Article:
Ministry of the Environment says spill site at McLean’s wind farm project is clean

LITTLE CURRENT—The Ministry of the Environment (MOE) confirmed on Monday that the cleanup of a recent fluid spill at one of the directional boring sites as part of Northland Power’s McLean’s Mountain wind farm project has been completed.

“The cleanup has been completed and a final report will be provided to the ministry,” said Lindsay Davidson, a communications representative with the MOE.

The Expositor previously reported that on December 20, 2013, Northland Power was notified by the MOE of a spill at one of the directional boring sites associated with the McLean’s Mountain wind farm project of 40-50 gallons of alcohol-based windshield wiper fluid from two containers.

Sarah Charuk, director of communications for Northland Power, told The Expositor that the contractor, White Construction, believed that the containers were tampered with by vandals.

The Expositor followed up with the Manitoulin detachment of the Ontario Provincial Police, which told this newspaper that the incident had not been reported to police.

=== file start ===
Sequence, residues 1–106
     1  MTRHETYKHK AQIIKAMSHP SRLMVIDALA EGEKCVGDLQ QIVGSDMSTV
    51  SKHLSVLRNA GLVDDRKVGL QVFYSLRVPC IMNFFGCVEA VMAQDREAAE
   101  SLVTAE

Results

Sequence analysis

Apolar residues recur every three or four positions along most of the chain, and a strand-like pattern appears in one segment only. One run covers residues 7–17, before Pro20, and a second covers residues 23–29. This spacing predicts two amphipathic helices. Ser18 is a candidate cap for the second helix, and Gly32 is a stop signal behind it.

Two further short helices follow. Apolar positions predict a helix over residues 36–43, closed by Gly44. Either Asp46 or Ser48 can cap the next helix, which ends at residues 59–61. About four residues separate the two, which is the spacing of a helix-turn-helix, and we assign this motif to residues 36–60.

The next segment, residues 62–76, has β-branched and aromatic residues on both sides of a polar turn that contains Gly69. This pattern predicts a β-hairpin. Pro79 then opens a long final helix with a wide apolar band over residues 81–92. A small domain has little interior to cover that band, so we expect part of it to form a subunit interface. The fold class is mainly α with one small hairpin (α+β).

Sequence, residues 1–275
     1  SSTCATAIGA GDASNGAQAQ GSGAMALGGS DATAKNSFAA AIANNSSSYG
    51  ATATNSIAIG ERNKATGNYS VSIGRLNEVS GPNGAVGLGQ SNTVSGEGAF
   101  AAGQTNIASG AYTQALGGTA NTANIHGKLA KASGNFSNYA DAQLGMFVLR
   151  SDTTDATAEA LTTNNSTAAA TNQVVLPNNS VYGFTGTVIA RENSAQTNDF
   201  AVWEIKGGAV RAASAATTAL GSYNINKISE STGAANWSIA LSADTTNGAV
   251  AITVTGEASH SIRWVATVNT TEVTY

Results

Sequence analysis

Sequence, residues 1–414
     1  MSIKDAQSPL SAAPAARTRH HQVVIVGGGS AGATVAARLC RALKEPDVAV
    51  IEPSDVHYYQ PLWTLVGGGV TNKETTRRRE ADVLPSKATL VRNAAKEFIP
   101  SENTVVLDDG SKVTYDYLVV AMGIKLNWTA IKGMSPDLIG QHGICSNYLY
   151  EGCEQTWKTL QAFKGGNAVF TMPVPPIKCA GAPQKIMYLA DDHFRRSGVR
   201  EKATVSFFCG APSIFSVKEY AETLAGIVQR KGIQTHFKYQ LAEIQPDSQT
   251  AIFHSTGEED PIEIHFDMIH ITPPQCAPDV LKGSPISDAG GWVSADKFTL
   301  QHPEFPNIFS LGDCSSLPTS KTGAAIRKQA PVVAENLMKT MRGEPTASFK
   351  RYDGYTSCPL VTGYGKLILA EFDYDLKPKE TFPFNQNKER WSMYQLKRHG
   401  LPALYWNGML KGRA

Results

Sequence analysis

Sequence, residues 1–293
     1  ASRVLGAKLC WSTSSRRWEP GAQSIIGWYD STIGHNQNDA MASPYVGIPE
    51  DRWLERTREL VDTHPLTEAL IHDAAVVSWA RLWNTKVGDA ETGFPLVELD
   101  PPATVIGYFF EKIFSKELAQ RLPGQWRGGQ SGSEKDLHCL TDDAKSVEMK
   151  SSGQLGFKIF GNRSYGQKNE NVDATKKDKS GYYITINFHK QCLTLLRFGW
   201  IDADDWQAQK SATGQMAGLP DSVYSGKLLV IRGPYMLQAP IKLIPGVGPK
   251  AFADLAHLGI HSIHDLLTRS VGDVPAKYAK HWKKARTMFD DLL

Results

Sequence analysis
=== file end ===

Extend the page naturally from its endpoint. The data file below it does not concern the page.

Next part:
The incident prompted a letter from the Manitoulin Coalition for Safe Energy Alternatives (MCSEA) questioning the spill and Northland Power and White Construction’s treatment of the environment.

The MOE was able to clear up some of MCSEA’s accusations such as the spill occurring in a “known wetland/key habitat area.”

“The spill occurred on a snowmobile trail and not in a wetland habitat area,” responded Mr. Davidson.

Another concern raised by MCSEA was that there had been numerous other spills as part of the project that had gone unreported.

Ms. Charuk did confirm that there had been other spills, but stressed that they had been reported, contained and cleaned up.

“Since the start of construction there have been some minor hydraulic fluid spills due to o-ring failures,” said Ms. Charuk.

The MOE confirmed that there had been a total of 11 spills, including the most recent, of small amounts (less than 22 ) of “mainly diesel and hydraulic fuels and one incident of a dust complaint involving this company,” said Mr. Davidson.

The 24-turbine project is scheduled to be completed this spring.

“All the turbines are now fully erected,” reported Ms. Charuk of the project’s construction. “Electrical work and testing inside the towers is ongoing and the 115 transmission line is fully installed.”

“The switching and main substations are being commissioned and the collector system is being installed,” concluded Ms. Charuk. “Work on the operations and maintenance building is progressing well and the project COD (commissioning operation date) is targeted for the first quarter of this year.”

Robin Burridge